Because our deteriorating infrastructure affects everyone—farmers in rural areas who need good roads to city dwellers who want cleaner air and an efficient commute—there is broad-based support for the concept, even if plans differ. Our officials, from whichever political ideology they hail, have been elected with the charge to lead in this area. Since we’ve let this problem go largely unchecked for far too long, it’s a steeper challenge, but lead they must. We can’t wait any longer without disastrous results.

Infrastructure improvement is vastly more far reaching than fixing a few potholes along the morning drive to work. It’s not our car’s suspension system we have to worry most about, it’s our health and the overall economy. In a world trying to emerge from the COVID-19 pandemic, we are more concerned about our health than ever under the additional weight of struggling with the crushing blow to the economy.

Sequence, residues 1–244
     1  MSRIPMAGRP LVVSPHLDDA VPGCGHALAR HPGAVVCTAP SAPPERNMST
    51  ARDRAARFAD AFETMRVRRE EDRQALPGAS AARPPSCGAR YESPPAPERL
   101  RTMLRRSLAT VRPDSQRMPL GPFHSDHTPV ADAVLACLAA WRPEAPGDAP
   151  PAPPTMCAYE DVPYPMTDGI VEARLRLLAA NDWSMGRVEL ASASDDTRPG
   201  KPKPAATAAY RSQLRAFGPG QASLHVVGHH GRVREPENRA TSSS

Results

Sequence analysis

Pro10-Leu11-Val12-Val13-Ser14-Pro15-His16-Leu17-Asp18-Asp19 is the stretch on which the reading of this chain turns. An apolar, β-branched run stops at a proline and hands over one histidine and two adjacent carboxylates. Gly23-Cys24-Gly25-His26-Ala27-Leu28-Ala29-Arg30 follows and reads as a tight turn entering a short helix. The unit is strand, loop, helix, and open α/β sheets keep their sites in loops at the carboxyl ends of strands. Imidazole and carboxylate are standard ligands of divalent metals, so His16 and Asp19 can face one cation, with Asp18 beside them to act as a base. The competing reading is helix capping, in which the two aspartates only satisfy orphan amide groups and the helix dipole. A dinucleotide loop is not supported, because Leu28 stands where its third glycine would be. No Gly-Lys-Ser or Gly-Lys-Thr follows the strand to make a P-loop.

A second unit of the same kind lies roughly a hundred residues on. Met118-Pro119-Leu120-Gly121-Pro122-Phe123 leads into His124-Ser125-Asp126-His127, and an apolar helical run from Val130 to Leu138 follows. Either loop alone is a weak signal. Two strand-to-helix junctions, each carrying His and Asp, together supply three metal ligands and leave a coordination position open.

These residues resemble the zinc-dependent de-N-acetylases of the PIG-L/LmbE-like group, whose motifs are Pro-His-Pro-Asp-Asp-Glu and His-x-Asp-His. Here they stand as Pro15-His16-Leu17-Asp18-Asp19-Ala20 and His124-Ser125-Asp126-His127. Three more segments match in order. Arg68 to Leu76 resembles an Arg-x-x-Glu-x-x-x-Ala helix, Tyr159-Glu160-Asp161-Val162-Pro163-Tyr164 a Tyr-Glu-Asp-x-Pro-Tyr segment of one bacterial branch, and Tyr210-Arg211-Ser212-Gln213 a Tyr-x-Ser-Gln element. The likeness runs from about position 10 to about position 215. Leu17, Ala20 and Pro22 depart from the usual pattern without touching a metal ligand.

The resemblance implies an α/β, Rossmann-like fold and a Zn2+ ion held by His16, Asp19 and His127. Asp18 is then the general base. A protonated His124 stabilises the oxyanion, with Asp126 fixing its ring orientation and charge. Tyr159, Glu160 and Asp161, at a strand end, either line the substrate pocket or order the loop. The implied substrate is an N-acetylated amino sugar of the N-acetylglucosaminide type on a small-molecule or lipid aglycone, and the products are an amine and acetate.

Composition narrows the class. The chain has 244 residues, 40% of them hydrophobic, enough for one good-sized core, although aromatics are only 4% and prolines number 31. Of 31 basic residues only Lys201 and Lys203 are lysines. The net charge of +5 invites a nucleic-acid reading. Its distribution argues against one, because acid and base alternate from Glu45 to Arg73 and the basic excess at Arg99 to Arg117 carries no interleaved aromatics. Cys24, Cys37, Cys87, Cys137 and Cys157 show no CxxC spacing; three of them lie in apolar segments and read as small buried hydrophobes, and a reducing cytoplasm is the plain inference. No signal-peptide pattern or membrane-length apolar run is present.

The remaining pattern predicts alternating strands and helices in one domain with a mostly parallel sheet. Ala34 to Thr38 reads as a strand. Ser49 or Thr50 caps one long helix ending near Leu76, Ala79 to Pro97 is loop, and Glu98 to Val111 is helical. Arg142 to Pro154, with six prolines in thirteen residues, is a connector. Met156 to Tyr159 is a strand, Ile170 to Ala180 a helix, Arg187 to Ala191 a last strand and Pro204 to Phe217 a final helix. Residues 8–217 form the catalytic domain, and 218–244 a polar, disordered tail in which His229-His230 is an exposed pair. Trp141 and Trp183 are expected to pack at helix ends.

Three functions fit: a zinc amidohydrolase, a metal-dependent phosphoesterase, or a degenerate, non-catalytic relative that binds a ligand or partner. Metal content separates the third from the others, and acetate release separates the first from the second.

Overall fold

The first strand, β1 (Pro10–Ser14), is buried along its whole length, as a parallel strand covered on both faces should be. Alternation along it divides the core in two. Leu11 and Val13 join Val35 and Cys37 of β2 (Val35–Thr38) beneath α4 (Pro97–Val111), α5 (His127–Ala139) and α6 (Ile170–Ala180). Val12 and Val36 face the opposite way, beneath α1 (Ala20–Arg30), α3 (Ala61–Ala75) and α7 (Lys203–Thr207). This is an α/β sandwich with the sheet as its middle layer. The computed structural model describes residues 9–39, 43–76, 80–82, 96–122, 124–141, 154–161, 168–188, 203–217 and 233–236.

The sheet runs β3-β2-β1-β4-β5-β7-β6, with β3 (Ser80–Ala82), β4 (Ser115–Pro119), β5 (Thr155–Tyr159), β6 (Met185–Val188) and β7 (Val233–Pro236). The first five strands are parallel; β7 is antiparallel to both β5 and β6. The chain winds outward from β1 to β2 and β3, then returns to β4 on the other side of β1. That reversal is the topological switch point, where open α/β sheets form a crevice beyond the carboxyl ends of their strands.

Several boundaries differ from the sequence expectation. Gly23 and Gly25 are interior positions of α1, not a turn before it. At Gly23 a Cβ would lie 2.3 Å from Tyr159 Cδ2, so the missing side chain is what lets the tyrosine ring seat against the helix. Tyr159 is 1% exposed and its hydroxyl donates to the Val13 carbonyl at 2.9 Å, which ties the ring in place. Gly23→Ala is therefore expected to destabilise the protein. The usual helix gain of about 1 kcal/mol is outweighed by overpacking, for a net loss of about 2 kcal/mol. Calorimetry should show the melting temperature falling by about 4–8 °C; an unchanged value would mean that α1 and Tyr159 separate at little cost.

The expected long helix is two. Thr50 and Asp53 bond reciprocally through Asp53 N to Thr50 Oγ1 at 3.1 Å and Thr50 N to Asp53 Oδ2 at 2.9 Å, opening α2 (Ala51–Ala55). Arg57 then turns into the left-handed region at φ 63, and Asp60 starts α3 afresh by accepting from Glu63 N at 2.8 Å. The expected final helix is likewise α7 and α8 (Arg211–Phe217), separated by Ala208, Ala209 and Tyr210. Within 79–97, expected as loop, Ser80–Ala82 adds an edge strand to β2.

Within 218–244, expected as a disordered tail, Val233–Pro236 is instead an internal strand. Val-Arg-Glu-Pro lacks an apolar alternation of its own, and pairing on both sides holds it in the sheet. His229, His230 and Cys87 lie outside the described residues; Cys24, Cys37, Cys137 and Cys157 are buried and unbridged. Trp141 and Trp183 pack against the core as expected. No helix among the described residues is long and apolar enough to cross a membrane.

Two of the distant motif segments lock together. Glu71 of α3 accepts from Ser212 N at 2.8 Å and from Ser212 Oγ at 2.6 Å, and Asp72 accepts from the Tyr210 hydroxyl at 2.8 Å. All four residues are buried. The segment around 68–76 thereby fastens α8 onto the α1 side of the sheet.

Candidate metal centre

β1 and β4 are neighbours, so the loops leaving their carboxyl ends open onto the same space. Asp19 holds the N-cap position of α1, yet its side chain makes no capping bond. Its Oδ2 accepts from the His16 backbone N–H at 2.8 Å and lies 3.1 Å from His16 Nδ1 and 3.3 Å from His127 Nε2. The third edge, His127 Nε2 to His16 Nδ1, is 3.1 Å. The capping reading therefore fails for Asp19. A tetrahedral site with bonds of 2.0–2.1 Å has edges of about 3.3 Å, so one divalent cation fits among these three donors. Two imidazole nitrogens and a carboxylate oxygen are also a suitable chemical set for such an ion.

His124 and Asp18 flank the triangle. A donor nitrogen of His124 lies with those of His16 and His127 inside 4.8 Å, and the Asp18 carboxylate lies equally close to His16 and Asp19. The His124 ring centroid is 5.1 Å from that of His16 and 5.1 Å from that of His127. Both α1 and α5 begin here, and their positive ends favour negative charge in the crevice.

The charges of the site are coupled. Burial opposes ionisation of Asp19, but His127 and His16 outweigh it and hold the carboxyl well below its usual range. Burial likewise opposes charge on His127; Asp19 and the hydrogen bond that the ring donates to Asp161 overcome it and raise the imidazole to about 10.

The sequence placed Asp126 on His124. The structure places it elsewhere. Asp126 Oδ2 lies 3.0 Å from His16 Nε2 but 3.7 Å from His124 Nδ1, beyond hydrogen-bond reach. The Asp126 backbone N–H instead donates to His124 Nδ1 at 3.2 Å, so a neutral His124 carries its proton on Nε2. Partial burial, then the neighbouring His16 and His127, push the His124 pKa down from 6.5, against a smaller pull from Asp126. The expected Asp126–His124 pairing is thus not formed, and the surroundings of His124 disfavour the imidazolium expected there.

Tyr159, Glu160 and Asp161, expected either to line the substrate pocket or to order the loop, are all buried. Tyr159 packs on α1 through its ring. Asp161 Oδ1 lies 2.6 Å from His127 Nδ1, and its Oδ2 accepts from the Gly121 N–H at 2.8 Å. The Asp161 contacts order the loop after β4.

A comprehensive infrastructure program, though costly, can improve the economy and our wellbeing.


The problem is staggering in scale, but we have historic and modern precedents to learn from.

Franklin Roosevelt launched the WPA (Works Progress Administration) in the height of the Great Depression. Though the program was responsible for building infrastructure projects on a massive scale, its primary aim was to improve the economy, which struggled with a 20 percent unemployment rate. According to, the purpose was “to lift the country out of the Great Depression by reforming the financial system and restoring the economy to pre-Depression levels.” The article goes on to note that over 3.3 million Americans were employed by the WPA program.

Transportation Today, documenting data from the ASCE report, says: